Should I Trade Through a Company? – Limited Parenting Skills

As a father sometimes I feel limited in my ability to look after the kids.  This could be likened to the fancy dress shop owner in Nuzzle and Scratch when he sends them out for sponge fingers (if you haven’t got kids just role with it).  A bit of a disaster but everything turns out ok in the end.

Share Certificate and Potato

I have felt this from the day that Jabo (#1 Son) was born.  Following labour Mrs TTF decided to have a little sleep (some wimpy excuse about low blood pressure).  I was therefore handed a newborn baby, without any further instructions, whilst the doctors were attempting to revive Mrs TTF.  It was at this point I wished that I had listened during the NCT classes instead of talking about football and being immature about breastfeeding with the other dads .  Thankfully Mrs TTF recovered fairly quickly and the mid wife relieved me of my initial duties.

Fast forward to present day I try my best to look after the children on my own .  I’ve pretty much got the nappy changing, playing with toys (they love the PS3 honest) and naps sorted.  The problem is the culinary delights that I serve up or to be more accurate the lack of them.

We have all the Annabel Karmel books which Mrs TTF dutifully prepares food from.  I tried once but it took me about two hours to make pasta shapes in tomato sauce.  Who bloody thinks it’s a good idea to peel a tomato and why do you have to grate things when you are blitzing them two minutes later?  So to avoid my children qualifying for the beanstalk in the school pantomime I have developed the following menu:

1.  Baked potato and Cheese

2.  Baked potato and Beans

3.  Baked potato and Tuna

As I pointed out to Mrs TTF they will never get scurvy!

I would like to think that the kids have accepted my limited approach to childcare but when it comes to tax is it a good thing to be Limited?


Whether to trade through a company or to follow the self-employed route is a question that is asked of accountants everyday.  Unfortunately there is no universal answer and it will depend on both the commercial and personal circumstances of each case.  Some of the issues that need consideration include:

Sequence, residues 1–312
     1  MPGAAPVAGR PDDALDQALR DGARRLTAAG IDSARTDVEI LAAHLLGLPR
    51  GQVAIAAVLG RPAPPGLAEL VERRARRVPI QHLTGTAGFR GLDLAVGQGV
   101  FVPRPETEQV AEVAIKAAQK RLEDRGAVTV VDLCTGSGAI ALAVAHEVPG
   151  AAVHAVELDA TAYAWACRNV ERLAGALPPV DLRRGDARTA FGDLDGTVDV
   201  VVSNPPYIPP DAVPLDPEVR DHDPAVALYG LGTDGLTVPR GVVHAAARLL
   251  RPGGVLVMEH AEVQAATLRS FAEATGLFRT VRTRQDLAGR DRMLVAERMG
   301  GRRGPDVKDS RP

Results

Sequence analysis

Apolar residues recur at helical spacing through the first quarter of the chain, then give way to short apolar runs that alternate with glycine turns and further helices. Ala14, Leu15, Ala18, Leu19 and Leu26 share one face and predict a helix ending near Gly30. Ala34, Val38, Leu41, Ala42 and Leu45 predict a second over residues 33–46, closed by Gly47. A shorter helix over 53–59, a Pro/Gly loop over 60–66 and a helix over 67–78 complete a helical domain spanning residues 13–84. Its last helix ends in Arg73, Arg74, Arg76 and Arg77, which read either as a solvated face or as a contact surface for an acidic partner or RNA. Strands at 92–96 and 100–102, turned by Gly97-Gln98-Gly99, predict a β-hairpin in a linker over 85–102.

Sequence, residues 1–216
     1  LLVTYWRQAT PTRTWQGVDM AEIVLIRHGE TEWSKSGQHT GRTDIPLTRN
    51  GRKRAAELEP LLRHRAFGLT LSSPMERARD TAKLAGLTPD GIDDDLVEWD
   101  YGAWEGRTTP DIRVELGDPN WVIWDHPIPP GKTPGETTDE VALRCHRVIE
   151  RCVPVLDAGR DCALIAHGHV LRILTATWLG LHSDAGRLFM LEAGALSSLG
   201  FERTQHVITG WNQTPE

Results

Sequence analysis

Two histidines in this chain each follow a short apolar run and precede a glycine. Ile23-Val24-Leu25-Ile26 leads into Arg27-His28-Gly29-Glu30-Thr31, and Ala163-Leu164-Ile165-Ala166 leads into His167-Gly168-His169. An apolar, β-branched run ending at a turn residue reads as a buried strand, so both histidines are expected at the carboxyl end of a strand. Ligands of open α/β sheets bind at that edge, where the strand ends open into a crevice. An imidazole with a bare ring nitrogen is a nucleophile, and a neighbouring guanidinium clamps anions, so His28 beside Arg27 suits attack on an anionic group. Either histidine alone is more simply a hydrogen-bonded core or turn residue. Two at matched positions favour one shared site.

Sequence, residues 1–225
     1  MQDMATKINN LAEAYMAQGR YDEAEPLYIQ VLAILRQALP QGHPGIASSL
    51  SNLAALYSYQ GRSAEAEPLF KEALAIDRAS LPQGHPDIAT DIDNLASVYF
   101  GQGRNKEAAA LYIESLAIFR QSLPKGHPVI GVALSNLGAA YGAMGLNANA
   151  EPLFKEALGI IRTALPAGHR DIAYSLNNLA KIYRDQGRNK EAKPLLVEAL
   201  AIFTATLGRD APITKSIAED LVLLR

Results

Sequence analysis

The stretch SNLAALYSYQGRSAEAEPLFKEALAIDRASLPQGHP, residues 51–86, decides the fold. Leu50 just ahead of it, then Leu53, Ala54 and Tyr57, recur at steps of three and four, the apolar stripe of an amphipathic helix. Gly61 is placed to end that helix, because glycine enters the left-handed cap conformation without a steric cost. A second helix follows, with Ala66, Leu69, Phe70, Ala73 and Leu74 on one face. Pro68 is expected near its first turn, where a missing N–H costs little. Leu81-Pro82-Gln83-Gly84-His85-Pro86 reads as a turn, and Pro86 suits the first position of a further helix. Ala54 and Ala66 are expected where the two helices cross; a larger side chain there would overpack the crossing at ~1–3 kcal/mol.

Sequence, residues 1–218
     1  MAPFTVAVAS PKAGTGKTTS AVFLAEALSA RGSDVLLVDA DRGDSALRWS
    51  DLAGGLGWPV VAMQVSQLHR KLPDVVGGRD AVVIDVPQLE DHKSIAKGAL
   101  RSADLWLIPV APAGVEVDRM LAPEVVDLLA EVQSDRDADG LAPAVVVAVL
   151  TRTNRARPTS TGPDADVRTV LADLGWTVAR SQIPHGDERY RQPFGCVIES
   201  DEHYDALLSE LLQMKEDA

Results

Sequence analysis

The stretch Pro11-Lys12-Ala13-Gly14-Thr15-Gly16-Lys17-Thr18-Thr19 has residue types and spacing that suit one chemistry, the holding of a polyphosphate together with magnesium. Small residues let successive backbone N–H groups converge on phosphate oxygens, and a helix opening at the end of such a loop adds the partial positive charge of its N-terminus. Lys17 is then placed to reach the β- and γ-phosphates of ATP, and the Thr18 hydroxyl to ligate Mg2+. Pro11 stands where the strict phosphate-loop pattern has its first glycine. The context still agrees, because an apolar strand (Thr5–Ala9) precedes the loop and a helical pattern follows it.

1.  Losses

If the business is projected to make losses in the first year it maybe beneficial to commence trading as a sole trader or partnership.  This will enable income tax relief to be claimed against any other income received in the year of loss and the previous four years.

In comparison losses incurred by a company would be carried forward to offset against profits of the same trade.  In addition the rate of corporation tax can be lower than personal tax and therefore greater relief would be granted if losses were incurred by a sole trader/partnership.

2.  Managing Profit Extraction

As a self-employed individual you are taxed on 100% of your tax adjusted profits at your marginal rates which can be as high as 50%.

If instead you operate through a company it is important to understand that the company is subject to corporation tax (20% up to £300,000) on its profits and you are taxable on any monies extracted from the company at your marginal rate.

It is however possible to manage the level of income that you extract from the company by way of salary and dividends.  This enables you to restrict your income to a level that meets your requirements and potentially a lower tax rate.

This is particularly relevant during the current tax year as the additional 50% tax band will be reducing to 45% post 05 April 2013.

3.  Utilisation of Spouses’ Personal Allowances

Again unless you admit your spouse as a partner to your business then 100% of the profits will be assessable on you.  In any event they will be assessed at their marginal rate of tax and class IV NIC would apply if this were the case.

If your spouse does not utilise her personal allowance then it may be possible to give her shares in your company.  Dividends paid within an individuals personal allowance and basic rate band are not taxed.  With careful management it is possible to extract £38,227 (2012/13) income tax-free from a company.

But don’t forget that corporation tax would  still be payable on the initial profits of the company.

4.  Sale of Goodwill

If you are self-employed there are no tax reliefs for goodwill either self-generated or acquired.

If you have built up goodwill in your business then it is however possible to sell this to your company.  As explained in my blog about intangible assets it is possible to claim a deduction in the accounts of the company.

5.  Commercial Considerations

The beauty of a sole trader is its simplicity.  However if things go wrong there is the potential that all of your assets maybe put at risk.  It is therefore important to have sufficient insurance in place for your business.

If you did want to trade through a company due to tax savings you will also need to consider the additional costs of setting up and running a company.  Annual accounts are required each year in a specific format. Corporation tax returns are also required on top of personal tax returns.

The above is a very brief summary of the implications of chosing a trading vehicle.  There are a number of other issues to consider and you should always discuss your specific needs with qualified advisor.

To sum it up a limited company is like having kids.  There are some great rewards but they cost money to sustain and can be a bit of a pain in the arse sometimes!

By Peter Cross

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